Tassels made to match one's gowns are costly. They can, however, be made very inexpensively at home.
One of the simplest forms of tassel is made from an eighth of a yard of braid-fringe (Fig. 1). A piece of narrow Russian braid, about three inches long and of the same colour, is sewn on to one end of this to make the loop. The fringe is then rolled round and round, and firmly sewn. The braid on which the fringe is made forms the head of the tassel, which is covered with a little piece of dull gold furniture galon. This is drawn together slightly at the top
To cover this head make about four knots close together at one end of a piece of narrow Russian braid. Sew this on round the base. Then continue to stitch the plain braid round the mould until you arrive at the top, where four more knots are tied in the braid and stitched in place.
A very handsome and effective tassel for a cloak is seen in Fig. 3. Gold beads that give the effect of cords are used for it, and a small one will need half of a bunch, about is. 3d. The beads can be left on their original threads, which should be affixed to a gold cord used for the loop. This is passed pretty tassel for a cloak, made of gold beads that give the effect of cords. Fig. 4. An original and smart tassel, made of Russian braid to match the colour of the gown on which it will be worn. Each strand terminates in a little gold tassel and bottom, and finished with a piece of the Russian braid rather closely knotted.
Fig. I. A simple form of tassel, made of braid fringe, with a piece of dull gold furniture galon and Russian braid to form the top.
Another easily made tassel (Fig. 2) may be composed of a silk fringe; or some knitting silk can be wound round a couple of post-cards, and the silk tied at one end and cut at the other. This is sewn securely on to a loop of Russian braid to match. The head of this tassel is contrived from a couple of very rounded wooden button-moulds, put together and covered with thin muslin to keep them in place. The muslin must be pierced with a stiletto, so that the braid loop can be passed up through the holes in the buttons, and brought out at the top.
Through the centre of the button-moulds of which the top is composed. A simple and easy method of ornamenting this top is to cover it with a tiny piece of fancy gold and silver braid.
In Fig. 4 will be found a most original and smart tassel for a cloak or a gown, for either day or evening wear. Strands of narrow Russian braid to match the gown with which it is to be worn are employed in the making of it, each strand finished with a little gold tassel. The top is covered with ordinary narrow gold braid, closely knotted, and then sewn round and round. This gives it a heavy, massive look that is very rich in effect.
Fig. 5. A tassel for an evening gown, made of silver bead fringe. Strings of bugles and silver beads are added on the outside. The top is of an original and charming design. Fig. 6. Some of the newest tassels are very long, and this one, 8 inches in length, is made of small beads to match the gown, either day or evening, with which it is worn
For the little gold tassels it is best to buy a large reel of gold thread at 1s. 3d. Cut off a dozen pieces of the Russian braid just under eight inches long. Have ready two pieces of card one inch and a half in depth. Place one end of the braid between the cards, and then wind the gold thread round and round, eight times on one side of the cards and eight on the other. This will bring the braid into the centre of the head of the little tassel in process of formation.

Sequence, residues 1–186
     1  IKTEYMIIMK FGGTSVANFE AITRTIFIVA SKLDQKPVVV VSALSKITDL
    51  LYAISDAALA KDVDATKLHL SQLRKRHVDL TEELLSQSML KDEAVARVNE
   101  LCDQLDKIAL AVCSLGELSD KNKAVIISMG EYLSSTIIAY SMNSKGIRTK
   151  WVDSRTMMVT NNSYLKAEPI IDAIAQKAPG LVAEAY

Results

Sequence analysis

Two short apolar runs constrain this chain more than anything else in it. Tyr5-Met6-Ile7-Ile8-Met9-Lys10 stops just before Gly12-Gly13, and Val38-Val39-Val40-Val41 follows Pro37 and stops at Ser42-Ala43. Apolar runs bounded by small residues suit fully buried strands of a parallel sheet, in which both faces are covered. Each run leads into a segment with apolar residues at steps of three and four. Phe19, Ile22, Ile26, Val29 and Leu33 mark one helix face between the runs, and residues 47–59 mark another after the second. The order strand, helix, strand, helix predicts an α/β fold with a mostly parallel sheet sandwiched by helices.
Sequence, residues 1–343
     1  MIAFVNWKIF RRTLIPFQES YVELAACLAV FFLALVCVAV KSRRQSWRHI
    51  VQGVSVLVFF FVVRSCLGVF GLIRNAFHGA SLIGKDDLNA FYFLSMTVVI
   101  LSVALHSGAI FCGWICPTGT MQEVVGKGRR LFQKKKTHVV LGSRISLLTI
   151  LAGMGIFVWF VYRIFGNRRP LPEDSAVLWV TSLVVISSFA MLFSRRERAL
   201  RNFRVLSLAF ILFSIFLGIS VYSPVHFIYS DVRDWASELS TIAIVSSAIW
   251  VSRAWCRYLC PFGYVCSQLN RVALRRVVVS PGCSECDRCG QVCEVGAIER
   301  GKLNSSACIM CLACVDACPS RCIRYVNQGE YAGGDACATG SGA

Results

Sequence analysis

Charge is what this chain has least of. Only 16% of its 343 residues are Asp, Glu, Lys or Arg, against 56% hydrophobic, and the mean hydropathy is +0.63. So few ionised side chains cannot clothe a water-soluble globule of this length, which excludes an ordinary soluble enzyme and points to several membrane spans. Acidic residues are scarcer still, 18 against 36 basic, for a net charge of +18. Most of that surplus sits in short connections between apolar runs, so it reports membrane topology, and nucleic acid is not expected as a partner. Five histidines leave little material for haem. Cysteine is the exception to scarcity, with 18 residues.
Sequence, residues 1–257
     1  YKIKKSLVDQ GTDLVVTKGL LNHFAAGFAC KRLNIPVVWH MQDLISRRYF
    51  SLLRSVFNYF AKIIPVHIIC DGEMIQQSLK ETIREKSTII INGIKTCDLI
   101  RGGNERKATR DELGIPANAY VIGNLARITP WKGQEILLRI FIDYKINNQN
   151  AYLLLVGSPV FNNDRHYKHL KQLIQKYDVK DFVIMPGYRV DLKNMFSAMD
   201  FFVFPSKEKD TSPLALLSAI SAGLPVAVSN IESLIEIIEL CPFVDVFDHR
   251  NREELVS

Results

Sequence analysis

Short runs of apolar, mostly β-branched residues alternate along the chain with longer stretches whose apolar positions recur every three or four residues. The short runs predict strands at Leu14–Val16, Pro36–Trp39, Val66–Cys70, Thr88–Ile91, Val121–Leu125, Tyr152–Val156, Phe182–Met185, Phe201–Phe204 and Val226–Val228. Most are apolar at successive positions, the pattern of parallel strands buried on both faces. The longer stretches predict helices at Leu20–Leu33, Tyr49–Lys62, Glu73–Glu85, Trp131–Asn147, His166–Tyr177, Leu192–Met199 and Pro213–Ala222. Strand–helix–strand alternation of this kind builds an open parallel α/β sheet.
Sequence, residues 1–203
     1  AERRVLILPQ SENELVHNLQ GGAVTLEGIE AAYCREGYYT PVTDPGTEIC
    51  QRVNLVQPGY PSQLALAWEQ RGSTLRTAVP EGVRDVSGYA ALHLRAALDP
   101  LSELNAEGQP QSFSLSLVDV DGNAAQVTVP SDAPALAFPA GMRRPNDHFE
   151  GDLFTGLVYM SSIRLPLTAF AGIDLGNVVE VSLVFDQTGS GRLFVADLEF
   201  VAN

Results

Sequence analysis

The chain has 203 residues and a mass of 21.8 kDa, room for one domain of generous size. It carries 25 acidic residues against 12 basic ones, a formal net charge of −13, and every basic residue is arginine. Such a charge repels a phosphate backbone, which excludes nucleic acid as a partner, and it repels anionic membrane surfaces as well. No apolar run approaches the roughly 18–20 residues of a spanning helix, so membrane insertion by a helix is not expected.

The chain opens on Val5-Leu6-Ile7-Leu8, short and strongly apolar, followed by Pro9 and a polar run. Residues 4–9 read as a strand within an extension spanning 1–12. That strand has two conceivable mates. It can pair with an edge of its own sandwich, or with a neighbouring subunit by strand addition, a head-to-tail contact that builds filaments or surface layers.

Before beginning to wind, a piece of the gold thread must be placed between the cards near the top of the tassel, and, when the winding is done, this is tied tightly at the top, but not cut. Pass the scissors between the cards at the lower edge, and cut the threads. Then wind the gold thread round again a little below the top of the tassel to form the head and keep the braid more secure. Make a similar tassel at the other end of the piece of Russian braid, and at each end of all the other pieces. Then catch all the pieces together, so that the tassels hang at different lengths, and sew them on to the muslin which covers the head of the tassel. After this sew on the knotted gold braid as described..
Very pretty tassels for evening gowns can be composed of gold, silver, or coloured bead fringes. Roll this round and round as scribed for the first tassel. Then on the outside put some strands with a bugle and two silver beads threaded alternately. To hide the braid on which the fringe is made, and make a head for the tassel, stitch on some bugles closely. At the top of the tassel should be a row of the silver beads, with a pearl in the centre and a loop of beads.
A loop tassel is one of the quickest ways of finishing the ends of a sash, or stole, on an evening gown, as the beads need not be taken off the threads on which they are bunched. Four strands are sewn on just as they are, after being tied together. Two are taken across to the opposite end, and allowed to fall loose between, and two are made into loops, one at each end. A large pearl is used to finish each end at the top.
Some of the newest tassels are very long and narrow, the fringe part being eight inches or more in depth (Fig. 6), and look charming made of beads to match the gown. They cost very little to make, as the beads for them are not expensive. A machine silk is the best thing for threading these. One bead should be tied on, then thread three beads. Then return the needle through all except the last one to be put on the thread, and continue threading. Count the beads, so as to be sure to get all the strands the same length. Tie the strands together, and fix them to the head of the tassel. Sew strands of beads over this to cover it.